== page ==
United Nations marks 70 years of guided tours
By David Hartwig
The United Nations Postal Administration will issue a pane of 10 stamps with labels Nov. 1 to mark the 70th anniversary of guided tours at the U.N. headquarters in New York City.
The tours began in 1952, seven years after the United Nations formed in 1945.
The new stamps are denominated $1.40 for use at the post office at the U.N. headquarters.
Each stamp design features a black-and-white photograph against a white background. The $1.40 denomination, the year of issue and the letters “UN” appear on the background at the bottom of each design.
The stamps are presented in five rows of two columns. The first stamp on the right column pictures the installation of Secretary-General Dag Hammarskjold, and the stamp below it shows cherry trees at the United Nations.
A security council meeting on Cuba can be seen on the stamp in the middle of the left column. The other stamps show guided tour services and visitors at the United Nations along with views of the U.N. headquarters and General Assembly Building.
Se-tenant (side-by-side) labels showing color photographs appear to the right of each stamp. Although the UNPA calls this pane a “special event sheet,” customers can personalize the labels by visiting the U.N. stamp shops in New York or Vienna, Austria, or by uploading their photographs to the UNPA website.
A black-and-white portrait on the selvage takes up about half of the space on the pane and shows a U.N. guided tour service staff member named Oxana Gaertner.
The design process for the U.N. headquarters began in 1947. Staff started moving into the Secretariat Building, a skyscraper within the headquarters, in 1950 ahead of its 1951 completion.
A limestone shortage delayed the construction of the General Assembly Building, and the building’s framework was not erected until early 1952. A New York Times article published Oct. 10, 1952, declared work completed on the headquarters.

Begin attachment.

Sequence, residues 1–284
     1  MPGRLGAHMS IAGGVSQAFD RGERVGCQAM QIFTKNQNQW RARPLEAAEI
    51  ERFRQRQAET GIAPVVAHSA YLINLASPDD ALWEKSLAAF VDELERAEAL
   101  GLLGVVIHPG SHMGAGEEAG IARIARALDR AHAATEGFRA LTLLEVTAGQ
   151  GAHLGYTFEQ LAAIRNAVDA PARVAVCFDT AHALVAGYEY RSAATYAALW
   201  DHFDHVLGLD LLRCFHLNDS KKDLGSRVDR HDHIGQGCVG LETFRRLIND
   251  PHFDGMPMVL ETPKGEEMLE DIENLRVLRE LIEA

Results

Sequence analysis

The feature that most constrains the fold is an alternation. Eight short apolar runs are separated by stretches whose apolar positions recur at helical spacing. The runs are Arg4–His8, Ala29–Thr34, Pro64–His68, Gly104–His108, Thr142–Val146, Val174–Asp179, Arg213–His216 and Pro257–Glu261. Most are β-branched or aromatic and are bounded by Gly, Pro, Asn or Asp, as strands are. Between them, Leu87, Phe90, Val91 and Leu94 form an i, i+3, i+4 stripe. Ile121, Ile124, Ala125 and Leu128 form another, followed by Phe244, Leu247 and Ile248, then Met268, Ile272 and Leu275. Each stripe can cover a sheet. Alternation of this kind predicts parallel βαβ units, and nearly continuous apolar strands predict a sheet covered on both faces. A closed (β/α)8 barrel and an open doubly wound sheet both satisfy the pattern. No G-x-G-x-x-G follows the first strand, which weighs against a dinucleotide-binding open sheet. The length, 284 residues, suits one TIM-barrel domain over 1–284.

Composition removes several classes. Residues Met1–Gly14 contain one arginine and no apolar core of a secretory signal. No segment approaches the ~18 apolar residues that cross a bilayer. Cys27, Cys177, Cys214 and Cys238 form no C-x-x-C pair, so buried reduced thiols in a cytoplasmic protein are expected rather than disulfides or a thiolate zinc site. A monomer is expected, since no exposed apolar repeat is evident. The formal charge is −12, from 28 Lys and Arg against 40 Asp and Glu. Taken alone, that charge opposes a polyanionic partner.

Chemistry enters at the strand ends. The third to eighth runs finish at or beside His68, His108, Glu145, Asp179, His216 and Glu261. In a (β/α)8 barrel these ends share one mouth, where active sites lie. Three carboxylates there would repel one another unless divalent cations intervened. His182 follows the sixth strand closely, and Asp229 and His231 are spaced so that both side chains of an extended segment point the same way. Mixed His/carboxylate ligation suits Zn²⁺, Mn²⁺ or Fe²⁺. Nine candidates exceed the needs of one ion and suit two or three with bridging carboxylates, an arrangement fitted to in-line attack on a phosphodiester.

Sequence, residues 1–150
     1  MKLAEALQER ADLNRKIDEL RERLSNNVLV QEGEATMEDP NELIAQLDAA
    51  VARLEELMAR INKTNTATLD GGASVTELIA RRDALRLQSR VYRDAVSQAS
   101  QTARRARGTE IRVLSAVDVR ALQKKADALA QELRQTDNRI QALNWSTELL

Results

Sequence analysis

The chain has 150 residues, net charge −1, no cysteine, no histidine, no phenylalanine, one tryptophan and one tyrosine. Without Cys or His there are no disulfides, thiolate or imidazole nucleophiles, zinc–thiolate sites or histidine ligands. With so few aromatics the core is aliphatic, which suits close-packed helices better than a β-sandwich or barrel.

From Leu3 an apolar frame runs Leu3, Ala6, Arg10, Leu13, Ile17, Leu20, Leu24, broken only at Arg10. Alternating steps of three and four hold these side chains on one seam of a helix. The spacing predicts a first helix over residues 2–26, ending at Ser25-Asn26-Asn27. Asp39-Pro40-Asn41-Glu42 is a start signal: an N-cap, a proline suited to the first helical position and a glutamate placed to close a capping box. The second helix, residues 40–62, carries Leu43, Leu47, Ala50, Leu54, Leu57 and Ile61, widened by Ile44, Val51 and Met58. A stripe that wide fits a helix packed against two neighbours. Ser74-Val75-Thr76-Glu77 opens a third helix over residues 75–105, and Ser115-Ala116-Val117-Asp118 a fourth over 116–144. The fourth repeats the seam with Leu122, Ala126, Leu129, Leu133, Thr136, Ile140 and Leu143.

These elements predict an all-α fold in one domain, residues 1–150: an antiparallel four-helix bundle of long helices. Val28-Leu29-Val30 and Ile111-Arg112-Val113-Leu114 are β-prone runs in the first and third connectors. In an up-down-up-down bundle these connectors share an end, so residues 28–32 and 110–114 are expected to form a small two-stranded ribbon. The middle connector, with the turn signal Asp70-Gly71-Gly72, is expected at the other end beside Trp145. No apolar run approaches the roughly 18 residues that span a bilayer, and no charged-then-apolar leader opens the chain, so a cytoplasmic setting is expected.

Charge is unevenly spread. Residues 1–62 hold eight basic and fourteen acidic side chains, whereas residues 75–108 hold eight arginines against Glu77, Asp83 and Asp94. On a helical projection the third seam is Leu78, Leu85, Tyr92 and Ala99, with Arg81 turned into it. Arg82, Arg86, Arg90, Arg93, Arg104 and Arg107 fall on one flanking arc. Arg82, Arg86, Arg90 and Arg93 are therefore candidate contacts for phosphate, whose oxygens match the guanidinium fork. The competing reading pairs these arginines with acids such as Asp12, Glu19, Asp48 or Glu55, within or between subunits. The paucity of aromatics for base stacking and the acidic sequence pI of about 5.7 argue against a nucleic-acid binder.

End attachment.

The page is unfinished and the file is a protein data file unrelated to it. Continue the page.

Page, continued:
Today, anyone interested in taking a guided tour at the United Nations must provide proof of a full COVID-19 vaccination before entering the U.N. premises, and must wear a mask during the tour.
The tours last approximately one hour and are offered in the six official languages of the United Nations (Arabic, Chinese, English, French, Russian and Spanish) as well as in other languages that are in high demand.
Those taking a tour will visit the General Assembly Hall and Security Council Chamber (meetings permitting) while learning about the history and work of the United Nations.
Booking information for a guided tour can be found on the United Nations website.
Sergio Baradat of the United Nations designed the stamps. The panes were printed in a quantity of 7,000.
The stamps measure 29.8 millimeters on all four sides, the labels are 26.6mm by 29.8mm, and the pane is 279.4mm by 215.9mm.
For ordering information for the new stamp pane and related products, visit the UNPA website; email firstname.lastname@example.org; telephone 212-963-7684 or 800-234-8672; or write to UNPA, Box 5900, Grand Central Station, New York, NY 10163-5900.
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